Our cozy accommodations consisted of a big open ended A-frame used by mechanics to work on heavy duty mining trucks. It was a snowless area where we could have a fire, set up a kitchen and pitch tents to keep us warm and out of the wind. Despite our luxuries, we had to layer thickly with wool and down while sipping warm drinks as we discussed our objectives and options around the fire. Jon and Dave were pretty worked after their unsuccessful attempt to punch up Devastation Creek, so we decided on plan B which approached a series of glaciers from the east ridge of a prominent volcanic peak and climbed two kilometres high. As the fire blazed and the whiskey tea stiffened, our jaws loosened to tell tales of past explorations. Who went to where, when and how; successes and failures along the way; close calls— sometimes too close. And through the darkness the essence of our adventure was clear—to see just how deep our sleds could take us; to look at a map and find routes through the timber and creeks, and up to glaciers that weave through towering peaks; to travel far and fast, crossing valleys and connecting glaciers, all the while absorbing the vast panoramas; and to feel adventuresome knowing that we are likely the only people to have travelled there, and simultaneously feeling incredibly vulnerable as we trust in our ability, wisdom, friends and good fortune. Watch alarms broke the dark, crisp morning’s silence, and I clung to a few more minutes of cocooned comfort, playing out the day in my mind. There were definitely some areas of concern: avalanches top the list, followed by crevasses that expose the ancient glacier’s dark, cold depths. The mood outside the tent was relaxed due to the laid back nature of the crew, yet there was a tone of seriousness as we boiled water for oatmeal and hot drinks. Our sleds were fueled up and gear was packed the night before to make a quick morning get-away, but out of habit I double-checked my



a confident yet humble mind-set, the climb out of the clear-cut required multiple attempts, which usually resulted in high-speed, semi-controlled descents through head-high new growth. It was a good warm up for the steep climbs through unforgiving trees with thick, daunting trunks ahead. Speed, agility, strength, teamwork, commitment and creativity were all tested as we punched our way through steep, technical climbs. We rested and regrouped on small benches before searching for the next potential up-track. Many times while scouting we would unload fuel and gear, punch and pack the trail up the next pitch, then allow the trail to stiffen up as gear was strapped back to the sled. It was important to keep the gear low and forward to minimize excess swing weight, and avoid obstacles when jumping around on the sled. Conserving our energy was crucial to the success of this long climb, and over the years we have fine-tuned routines that maximize our individual and group strength. A buried sled is the main culprit sapping energy and momentum, so it’s imperative to maintain an escape route, ideally downhill in your track. Each climb usually requires many attempts, where we turn around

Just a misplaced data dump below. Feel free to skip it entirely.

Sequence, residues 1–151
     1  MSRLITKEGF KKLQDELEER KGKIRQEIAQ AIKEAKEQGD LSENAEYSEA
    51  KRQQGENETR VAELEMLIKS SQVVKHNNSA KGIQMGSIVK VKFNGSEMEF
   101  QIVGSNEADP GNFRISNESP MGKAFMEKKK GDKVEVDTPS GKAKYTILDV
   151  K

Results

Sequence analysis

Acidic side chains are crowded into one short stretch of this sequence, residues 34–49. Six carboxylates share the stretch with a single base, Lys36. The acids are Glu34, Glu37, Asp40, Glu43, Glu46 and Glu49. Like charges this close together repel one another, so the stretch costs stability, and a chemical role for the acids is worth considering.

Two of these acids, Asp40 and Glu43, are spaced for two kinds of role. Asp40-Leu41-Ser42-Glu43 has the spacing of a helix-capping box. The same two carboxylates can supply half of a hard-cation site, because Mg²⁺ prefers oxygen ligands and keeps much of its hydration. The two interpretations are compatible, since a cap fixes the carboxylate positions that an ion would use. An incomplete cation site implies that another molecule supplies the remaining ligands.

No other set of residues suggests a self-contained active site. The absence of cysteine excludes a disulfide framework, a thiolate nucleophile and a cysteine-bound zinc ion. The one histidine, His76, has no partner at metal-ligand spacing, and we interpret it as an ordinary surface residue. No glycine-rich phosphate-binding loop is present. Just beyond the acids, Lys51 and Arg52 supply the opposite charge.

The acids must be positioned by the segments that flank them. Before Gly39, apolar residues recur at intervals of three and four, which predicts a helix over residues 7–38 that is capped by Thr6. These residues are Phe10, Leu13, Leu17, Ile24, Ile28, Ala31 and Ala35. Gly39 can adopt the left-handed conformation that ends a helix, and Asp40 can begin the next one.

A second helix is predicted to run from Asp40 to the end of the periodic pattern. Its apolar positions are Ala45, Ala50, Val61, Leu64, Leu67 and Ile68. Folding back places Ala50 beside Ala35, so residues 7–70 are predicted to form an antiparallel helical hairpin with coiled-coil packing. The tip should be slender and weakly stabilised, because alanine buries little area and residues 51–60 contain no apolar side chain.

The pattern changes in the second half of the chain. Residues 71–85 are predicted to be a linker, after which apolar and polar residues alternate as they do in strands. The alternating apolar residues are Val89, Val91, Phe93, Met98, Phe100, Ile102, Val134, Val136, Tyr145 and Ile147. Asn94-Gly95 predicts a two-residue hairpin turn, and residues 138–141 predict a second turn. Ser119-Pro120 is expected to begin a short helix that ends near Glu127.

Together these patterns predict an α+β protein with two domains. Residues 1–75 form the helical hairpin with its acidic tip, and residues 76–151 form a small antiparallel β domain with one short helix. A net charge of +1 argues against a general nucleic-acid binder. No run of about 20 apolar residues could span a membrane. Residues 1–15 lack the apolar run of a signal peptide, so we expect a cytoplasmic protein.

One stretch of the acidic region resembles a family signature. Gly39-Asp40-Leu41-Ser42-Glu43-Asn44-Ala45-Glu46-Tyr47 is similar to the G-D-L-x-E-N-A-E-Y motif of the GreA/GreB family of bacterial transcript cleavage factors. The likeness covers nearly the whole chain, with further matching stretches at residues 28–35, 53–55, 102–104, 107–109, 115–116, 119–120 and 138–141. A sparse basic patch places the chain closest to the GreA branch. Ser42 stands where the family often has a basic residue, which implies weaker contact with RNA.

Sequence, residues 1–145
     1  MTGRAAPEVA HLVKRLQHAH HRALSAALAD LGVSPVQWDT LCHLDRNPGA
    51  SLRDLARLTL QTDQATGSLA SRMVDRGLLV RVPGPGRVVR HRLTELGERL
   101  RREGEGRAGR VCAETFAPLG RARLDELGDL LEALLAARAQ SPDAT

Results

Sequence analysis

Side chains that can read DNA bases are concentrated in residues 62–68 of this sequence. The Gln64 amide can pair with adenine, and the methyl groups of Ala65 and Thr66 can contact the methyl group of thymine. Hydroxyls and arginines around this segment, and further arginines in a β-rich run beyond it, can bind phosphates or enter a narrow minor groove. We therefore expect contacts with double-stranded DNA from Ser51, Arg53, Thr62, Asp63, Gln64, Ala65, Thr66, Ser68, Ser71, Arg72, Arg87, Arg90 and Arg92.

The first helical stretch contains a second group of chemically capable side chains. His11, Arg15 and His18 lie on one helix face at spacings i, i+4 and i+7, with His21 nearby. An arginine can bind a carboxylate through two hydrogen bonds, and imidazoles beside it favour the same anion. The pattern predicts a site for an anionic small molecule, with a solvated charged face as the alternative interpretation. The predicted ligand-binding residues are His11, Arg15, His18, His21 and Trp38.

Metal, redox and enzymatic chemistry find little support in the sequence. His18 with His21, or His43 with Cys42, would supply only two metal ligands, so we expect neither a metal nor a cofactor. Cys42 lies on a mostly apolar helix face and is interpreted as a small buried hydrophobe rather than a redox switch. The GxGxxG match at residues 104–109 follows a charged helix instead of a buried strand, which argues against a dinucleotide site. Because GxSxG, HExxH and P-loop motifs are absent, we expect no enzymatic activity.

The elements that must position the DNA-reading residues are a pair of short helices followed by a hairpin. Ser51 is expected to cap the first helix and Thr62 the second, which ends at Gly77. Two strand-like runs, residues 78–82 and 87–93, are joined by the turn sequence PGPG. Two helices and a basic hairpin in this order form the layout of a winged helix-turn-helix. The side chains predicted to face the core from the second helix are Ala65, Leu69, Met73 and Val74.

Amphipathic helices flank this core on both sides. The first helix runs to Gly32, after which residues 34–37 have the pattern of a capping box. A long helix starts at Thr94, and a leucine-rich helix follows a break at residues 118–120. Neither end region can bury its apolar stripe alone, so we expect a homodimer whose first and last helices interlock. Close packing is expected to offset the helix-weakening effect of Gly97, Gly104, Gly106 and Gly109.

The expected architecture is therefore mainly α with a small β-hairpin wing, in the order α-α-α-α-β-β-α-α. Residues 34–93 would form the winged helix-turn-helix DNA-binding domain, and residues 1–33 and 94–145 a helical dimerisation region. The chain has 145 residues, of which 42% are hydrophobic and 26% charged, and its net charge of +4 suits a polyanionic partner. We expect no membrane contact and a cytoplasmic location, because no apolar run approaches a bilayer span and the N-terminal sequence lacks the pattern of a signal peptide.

Thirsty tree wells

If cats have nine lives, how many does a mountain sledder have?

Photo: Dave Basterrechea

Everyone has their own way of loading their sled, but there are a few key points that make a huge difference in times like these: mount a CFR gas rack on the tunnel directly behind the seat and find a 25 litre jerry can that fits tight in the rack; remove your seat and strap a waterproof 35 litre duffle bag snug against the gas tank; minimize the weight in your backpack to include only a shovel, probe, saw, water and snack, and pack the rest in the duffle bag on the sled; and finally, use ratchet straps to secure fuel and bag, often checking their tension to avoid having them come loose and inevitably wedging between the track and tunnel.










Photo: Dave Basterrechea Rider: Jon Johnson Location: Balls Deep, Coast Range BC.